Almost concurrently with the above report in February 2019, Zheng et al. published a study in the prestigious Science Advances. This study also used next-generation sequencing and bioinformatics methodologies to link gut microbes with schizophrenia (SCZ). Sequencing reads from 63 patients with SCZ and 69 human controls (HCs) were clustered into 864 operational taxonomic units (OTUs) at 97% sequence similarity. A Venn diagram showed that 744 of 864 OTUs were detected in the two groups, while 56 and 64 OTUs were unique to patients with SCZ and HCs subjects, respectively.

To determine whether these altered OTUs were relatively specific to SCZ versus other neuropsychiatric disorders, they compared key differential bacterial taxa observed in SCZ and major depression. These findings indicated that the altered gut microbial composition observed in SCZ is specific relative to the gut microbiome changes observed in depression.

To identify key discriminative microbial markers, Zheng et al. performed a stepwise regression analysis based on the relative abundance of different gut microbes. This analysis showed that the most significant deviations between SCZ and HC subjects occurred for the bacterial families Aerococcaceae, Bifidobacteriaceae, Brucellaceae, Pasteurellaceae, and Rikenellaceae, which was said to suggest potential diagnostic value for SCZ.

In my opinion, the experimentally most interesting work involved fecal microbiota transplantation from patients with SCZ to germ-free mice to assess whether SCZ-relevant behavioral phenotypes might be linked with disturbed gut microbiota. Behavioral tests showed that mice transplanted with SCZ microbiota displayed locomotor hyperactivity, decreased anxiety- and depressive-like behaviors, and increased startle responses, suggesting that the disturbed microbial composition of SCZ microbiota recipient mice was associated with several characteristic of mouse models of SCZ.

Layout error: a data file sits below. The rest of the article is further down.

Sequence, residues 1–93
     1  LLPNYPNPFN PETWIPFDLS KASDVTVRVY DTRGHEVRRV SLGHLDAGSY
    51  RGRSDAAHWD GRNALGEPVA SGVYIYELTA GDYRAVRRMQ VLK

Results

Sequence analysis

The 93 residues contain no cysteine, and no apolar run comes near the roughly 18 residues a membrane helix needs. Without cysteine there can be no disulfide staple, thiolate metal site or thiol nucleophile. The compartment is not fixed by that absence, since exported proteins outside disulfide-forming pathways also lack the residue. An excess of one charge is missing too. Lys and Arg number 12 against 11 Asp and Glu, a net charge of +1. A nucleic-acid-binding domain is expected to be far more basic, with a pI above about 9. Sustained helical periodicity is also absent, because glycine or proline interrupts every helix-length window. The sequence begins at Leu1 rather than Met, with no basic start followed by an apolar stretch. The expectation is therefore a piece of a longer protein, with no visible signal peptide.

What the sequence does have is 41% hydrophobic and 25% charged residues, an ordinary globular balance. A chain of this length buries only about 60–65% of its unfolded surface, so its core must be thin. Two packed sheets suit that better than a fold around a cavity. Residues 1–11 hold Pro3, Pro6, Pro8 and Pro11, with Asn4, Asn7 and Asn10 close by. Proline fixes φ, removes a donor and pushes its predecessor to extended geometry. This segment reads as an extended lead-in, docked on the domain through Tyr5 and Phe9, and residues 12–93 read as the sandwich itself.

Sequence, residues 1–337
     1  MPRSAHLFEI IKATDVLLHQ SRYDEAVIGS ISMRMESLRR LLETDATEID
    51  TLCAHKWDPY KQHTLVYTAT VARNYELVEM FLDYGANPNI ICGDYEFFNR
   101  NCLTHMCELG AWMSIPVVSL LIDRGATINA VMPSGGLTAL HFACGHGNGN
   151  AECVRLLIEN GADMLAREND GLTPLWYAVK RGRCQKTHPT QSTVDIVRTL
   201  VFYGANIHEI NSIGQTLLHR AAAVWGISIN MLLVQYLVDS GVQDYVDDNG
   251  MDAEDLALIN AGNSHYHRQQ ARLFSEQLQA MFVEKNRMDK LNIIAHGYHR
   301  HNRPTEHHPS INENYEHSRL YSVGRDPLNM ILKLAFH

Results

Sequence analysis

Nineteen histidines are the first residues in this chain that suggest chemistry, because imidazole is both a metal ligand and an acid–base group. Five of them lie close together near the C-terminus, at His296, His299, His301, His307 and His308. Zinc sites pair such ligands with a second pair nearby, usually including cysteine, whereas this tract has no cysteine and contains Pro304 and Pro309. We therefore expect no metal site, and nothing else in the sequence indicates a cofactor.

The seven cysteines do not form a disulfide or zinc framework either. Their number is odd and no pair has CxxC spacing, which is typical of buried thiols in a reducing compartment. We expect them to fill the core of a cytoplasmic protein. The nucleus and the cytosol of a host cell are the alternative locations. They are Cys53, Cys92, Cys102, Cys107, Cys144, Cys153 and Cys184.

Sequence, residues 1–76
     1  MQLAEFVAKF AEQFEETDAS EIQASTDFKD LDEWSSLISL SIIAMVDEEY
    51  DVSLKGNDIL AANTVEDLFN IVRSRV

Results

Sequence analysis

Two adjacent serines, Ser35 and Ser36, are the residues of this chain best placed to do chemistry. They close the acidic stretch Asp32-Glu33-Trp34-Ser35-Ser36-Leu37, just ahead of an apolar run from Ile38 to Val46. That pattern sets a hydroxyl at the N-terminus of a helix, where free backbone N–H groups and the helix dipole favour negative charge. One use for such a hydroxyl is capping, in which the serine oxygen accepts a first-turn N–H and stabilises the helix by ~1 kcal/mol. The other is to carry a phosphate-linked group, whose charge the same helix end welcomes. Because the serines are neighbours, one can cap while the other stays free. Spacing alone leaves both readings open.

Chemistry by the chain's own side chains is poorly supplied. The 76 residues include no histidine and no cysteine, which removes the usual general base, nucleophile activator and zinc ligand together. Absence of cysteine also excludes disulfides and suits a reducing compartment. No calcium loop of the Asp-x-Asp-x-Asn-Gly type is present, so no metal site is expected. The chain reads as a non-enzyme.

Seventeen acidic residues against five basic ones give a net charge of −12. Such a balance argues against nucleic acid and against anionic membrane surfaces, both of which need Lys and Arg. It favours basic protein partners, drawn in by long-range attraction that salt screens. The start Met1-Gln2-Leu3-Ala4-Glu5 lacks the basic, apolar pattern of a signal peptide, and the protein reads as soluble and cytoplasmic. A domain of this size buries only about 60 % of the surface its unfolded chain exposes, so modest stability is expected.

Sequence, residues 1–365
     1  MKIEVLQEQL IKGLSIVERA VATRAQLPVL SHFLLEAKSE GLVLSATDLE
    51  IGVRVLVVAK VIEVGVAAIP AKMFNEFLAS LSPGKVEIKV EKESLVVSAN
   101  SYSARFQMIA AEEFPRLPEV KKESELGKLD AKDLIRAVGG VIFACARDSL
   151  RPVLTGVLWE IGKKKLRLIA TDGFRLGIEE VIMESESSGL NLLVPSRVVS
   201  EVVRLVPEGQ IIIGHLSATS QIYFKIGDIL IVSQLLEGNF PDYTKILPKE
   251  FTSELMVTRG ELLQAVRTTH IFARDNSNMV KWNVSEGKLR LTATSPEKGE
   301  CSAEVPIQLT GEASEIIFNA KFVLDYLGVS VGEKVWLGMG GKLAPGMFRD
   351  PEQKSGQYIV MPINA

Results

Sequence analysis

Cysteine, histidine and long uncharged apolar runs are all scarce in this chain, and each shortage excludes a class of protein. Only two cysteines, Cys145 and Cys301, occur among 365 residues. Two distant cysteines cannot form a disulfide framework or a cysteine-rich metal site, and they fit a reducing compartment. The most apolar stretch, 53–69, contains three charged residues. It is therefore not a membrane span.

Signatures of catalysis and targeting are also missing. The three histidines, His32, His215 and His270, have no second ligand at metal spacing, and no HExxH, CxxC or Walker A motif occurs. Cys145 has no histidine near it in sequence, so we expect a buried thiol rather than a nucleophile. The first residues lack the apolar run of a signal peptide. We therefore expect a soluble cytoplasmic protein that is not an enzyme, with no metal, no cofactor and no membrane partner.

Finally, to capture functional readout of microbial activity, Zheng et al. performed comparative metagenomic and metabolomic analyses of samples from the fecal transplanted-mice harboring “SCZ microbiota” versus “HC microbiota” to determine the potential mechanistic pathways by which the disturbed gut microbiota may modulate host physiology and behavior.

They identified decreased brain glutamate, disruptions in the glutamate-glutamine-GABA cycle, and altered amino acid and lipid metabolism as possible mechanistic targets that may underlie the altered behavior in the SCZ microbiota recipient mice, which was said to be consistent with known pathophysiology of SCZ. They also found significant changes in lipid species, especially involving glycerophospholipid metabolism, in the SCZ microbiota versus HC microbiota mice. This was said to be consistent with disturbances in serum and brain lipids previously observed in patients with SCZ, and with the fact that glycerophospholipids are major components of the myelin and neuronal membranes that are key regulators of synaptic function.